Who will become PM if Srettha is removed by a charter court ruling?


BANGKOK: Amid political turmoil, analysts are pondering over the future of the coalition government, including who will become Thailand’s 31st prime minister should incumbent Srettha Thavisin be removed by a court ruling in response to a petition filed by outgoing senators.

Six of the nine Constitutional Court judges on Thursday (May 23) voted to accept the petition from 40 senators seeking to remove Srettha as PM. The petition accused Srettha of violating political ethics by appointing Pichit Cheunban as PM’s Office Minister even though he had once been jailed for contempt of court.

The court did not suspend the PM from performing his duties, but demanded from him a written explanation on June 7. It is estimated that the court would deliberate on the case for two to three months before issuing a verdict.

Some analysts fear that the case could spell the end of Srettha’s career. The business tycoon entered politics in the May 2023 general election as one of Pheu Thai’s PM candidates.

If Srettha were to be removed, the Constitution stipulates that Parliament must vote for a new premier from the PM candidates proposed at the last election by political parties who have at least 25 MPs (maximum three candidates per party). The winner must receive more than half of the votes from the lower house, or 250 out of 500 MPs.

Judging from these criteria, there are six parties with 25 MPs and more that had proposed prime ministerial candidates to the Election Commission during the May 2023 general election. The roster of those who could potentially succeed Srettha as PM can therefore be extrapolated from the following:

1. Pheu Thai Party, with 141 MP seats, proposed three PM candidates: Srettha, Paetongtarn Shinawatra, and Chaikasem Nitisiri. It is believed that Paetongtarn, who is the daughter of Pheu Thai patriarch and former PM Thaksin, has a better chance than Chaikasem, a former justice minister and Pheu Thai head of political strategy.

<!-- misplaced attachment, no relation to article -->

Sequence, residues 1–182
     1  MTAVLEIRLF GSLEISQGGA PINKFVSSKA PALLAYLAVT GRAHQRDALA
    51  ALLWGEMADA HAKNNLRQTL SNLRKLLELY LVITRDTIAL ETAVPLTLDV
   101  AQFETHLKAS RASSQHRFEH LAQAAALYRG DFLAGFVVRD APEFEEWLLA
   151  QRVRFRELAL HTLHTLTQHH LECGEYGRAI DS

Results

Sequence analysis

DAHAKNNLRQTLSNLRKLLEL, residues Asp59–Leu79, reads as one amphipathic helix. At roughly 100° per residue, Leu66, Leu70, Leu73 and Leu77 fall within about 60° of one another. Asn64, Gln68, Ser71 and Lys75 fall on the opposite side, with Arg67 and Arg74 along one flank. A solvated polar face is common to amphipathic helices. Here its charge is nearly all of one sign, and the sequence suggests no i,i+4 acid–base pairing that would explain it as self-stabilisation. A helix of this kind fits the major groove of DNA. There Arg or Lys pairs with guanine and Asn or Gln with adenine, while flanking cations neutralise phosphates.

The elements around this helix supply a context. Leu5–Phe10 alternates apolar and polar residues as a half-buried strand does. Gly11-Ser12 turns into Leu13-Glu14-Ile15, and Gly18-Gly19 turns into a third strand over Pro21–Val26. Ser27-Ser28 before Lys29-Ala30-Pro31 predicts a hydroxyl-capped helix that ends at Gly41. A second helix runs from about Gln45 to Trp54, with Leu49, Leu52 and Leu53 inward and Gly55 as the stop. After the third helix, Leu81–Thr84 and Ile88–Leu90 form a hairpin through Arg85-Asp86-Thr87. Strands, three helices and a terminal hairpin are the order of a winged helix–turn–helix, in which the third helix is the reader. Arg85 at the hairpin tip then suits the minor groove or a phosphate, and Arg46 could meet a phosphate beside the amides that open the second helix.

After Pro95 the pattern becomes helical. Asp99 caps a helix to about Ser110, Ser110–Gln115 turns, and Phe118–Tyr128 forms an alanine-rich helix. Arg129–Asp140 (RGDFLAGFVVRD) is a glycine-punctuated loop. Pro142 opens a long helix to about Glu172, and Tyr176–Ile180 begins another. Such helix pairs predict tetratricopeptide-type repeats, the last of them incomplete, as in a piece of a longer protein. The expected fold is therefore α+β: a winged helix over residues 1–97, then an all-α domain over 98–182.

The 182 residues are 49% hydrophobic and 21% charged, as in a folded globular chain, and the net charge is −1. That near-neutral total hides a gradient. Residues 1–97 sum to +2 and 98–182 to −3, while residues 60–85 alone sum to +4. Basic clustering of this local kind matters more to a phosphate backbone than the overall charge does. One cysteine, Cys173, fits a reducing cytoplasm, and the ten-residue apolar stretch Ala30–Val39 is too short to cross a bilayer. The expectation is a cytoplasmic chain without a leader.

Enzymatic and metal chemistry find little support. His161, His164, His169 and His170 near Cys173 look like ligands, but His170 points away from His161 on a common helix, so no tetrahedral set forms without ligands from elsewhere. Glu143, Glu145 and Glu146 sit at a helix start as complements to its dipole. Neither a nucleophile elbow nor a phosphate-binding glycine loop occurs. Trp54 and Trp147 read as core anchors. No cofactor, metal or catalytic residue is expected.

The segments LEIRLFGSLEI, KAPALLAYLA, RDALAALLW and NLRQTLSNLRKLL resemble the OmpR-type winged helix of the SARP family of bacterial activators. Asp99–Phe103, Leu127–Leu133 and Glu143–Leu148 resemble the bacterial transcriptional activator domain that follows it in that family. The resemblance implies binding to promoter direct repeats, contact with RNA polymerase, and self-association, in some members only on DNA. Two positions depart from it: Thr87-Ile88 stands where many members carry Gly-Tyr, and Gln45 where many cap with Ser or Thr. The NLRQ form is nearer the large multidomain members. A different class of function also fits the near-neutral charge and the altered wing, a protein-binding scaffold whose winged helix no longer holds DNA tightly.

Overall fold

2. Move Forward Party, with 151 MP seats, proposed only Pita Limjaroenrat as PM candidate. With the party in the opposition camp still fighting a dissolution case over its pledge to amend the lese majeste law, the chance of Pita becoming the next PM is slim to none.

3. Bhumjaithai Party, with 71 MP seats, had proposed its leader Anutin Charnvirakul as PM candidate. Anutin will have a shot at premiership if his party somehow takes the lead in the government coalition.

4. Palang Pracharath Party, with 40 MP seats, proposed its leader General Prawit Wongsuwon as PM candidate. Believed to be the one behind the 2014 military coup, Prawit’s chance of becoming PM is not so promising.

5. United Thai Nation Party, with 36 MP seats, proposed former PM General Prayut Chan-o-cha and Pirapan Salirathavibhaga as PM candidates. Prayut, however, is no longer eligible as he is now a privy councilor.

6. Democrat Party, with 25 MP seats, proposed former leader Jurin Laksanawisit as a PM candidate. With the party in the opposition camp and not enough support, Jurin has almost no chance of becoming PM. - The Nation/ANN

Follow us on our official WhatsApp channel for breaking news alerts and key updates!

Thailand , Srettha , PM , replacement , court

   

Next In Aseanplus News

Diesel subsidy rationalisation may not be possible for Sabah, Sarawak due to wide usage, says Anwar
Govt to reimburse RM100mil to Sarawak to upgrade schools, clinics, says PM Anwar
India boosts defence ties with Bangladesh as it tries to become a counterweight to China
F1 team McLaren evacuates hospitality suite when fire breaks out before Spanish GP practice
Sg Bakap polls: BN to rally support for Pakatan candidate, says Tok Mat
Asean News Headlines at 10pm on Saturday (June 22, 2024)
Runaway golf buggy plunges off second tier of driving range at Singapore's Keppel Club
At least 42 killed in Israeli strikes in Gaza City refugee camp, neighbourhood
Vietnam power generation, daily consumption hit new record high amid heatwave
Thai PM Srettha touts plans for casinos and nuclear power in first TV talk

Others Also Read